Written by Sarah Malas.
The Consumer is not a Person. The Consumer is a role that a person plays. People are not what they own, or the number in their bank account. People live complicated lives playing many roles, including that of a consumer.
From a young age, students are explicitly taught about the role of a consumer through a first-person lens. The first time I ever felt like a consumer was through role-playing exercises in school. (students are given fake money to trade for treats or other “prizes.” Outside of school, I was taught budgeting from a very young age. My three sisters and I were each given 3 “money jars” each labeled “spending, saving, and church.” My childhood was filled with an idealized financial success. This unintentionally conditioned me to understand my future role under capitalism, to conform to the rules of capitalism without realizing it. While in later high school, the role of the consumer may be less idealized, and the problems but little to no solutions are provided. We are provided no other option than to be a consumer.
In fashion education, the idea of a consumer is abstracted. Through beginner level lecture courses like “user-centered design” we are focused on whether a garment was “usable” but not if it was “sellable” . While I agree with this ideology, it does not provide a practical sense of identity for the designer. Designers need to learn how to create for all people. Not themselves or the “consumer”.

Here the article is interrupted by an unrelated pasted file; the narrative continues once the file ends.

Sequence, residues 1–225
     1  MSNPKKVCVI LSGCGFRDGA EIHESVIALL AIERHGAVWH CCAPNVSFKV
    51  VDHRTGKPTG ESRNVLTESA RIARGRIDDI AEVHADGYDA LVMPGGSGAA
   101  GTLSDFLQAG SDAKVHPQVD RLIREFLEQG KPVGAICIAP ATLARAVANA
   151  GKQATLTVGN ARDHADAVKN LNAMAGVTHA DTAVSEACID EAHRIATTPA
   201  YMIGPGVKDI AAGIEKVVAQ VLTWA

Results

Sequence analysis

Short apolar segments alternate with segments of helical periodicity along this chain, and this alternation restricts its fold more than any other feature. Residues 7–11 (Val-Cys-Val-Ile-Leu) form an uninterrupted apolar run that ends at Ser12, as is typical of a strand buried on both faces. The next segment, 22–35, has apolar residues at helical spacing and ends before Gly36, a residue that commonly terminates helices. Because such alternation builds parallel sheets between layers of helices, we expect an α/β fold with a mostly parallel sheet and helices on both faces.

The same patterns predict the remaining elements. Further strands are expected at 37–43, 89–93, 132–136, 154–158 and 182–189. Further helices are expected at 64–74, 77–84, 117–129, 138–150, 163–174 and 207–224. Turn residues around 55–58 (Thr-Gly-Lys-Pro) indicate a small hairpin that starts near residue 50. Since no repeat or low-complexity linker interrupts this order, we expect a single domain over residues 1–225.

When it comes to fashion, the distinction between “usability” and “sellability” is thin. With fast fashion, many garments are sold with the intention of only a few wears. In fact, on average an article of clothing is worn seven times before being thrown out. (The Wall Street Journal) How can people truly use an item of clothing if they are constantly purchasing new clothes and throwing them out? The volume of clothing is too high. The average amount of garments purchased by consumers had tripled since the 1980s. (The Wall Street Journal)
In design courses and studios we are taught an idealistic version of what being a “designer” is. Young fashion students exist in a state of delusion, assuming that their personal identity is valued above all else by the industry.
Valuing designer identity is good in theory, but with design being a less accessible career path, many designers do not identify with the majority of people that wear clothes, or the brands they work for. Many times, when designing in industry, the designer’s creative path for a garment is dictated by the sales team of the brand, and by trends. Most of the time sales gets the final say, and contributes to direction. The goal at the end of the day is to make a sellable product that people will find to be wearable.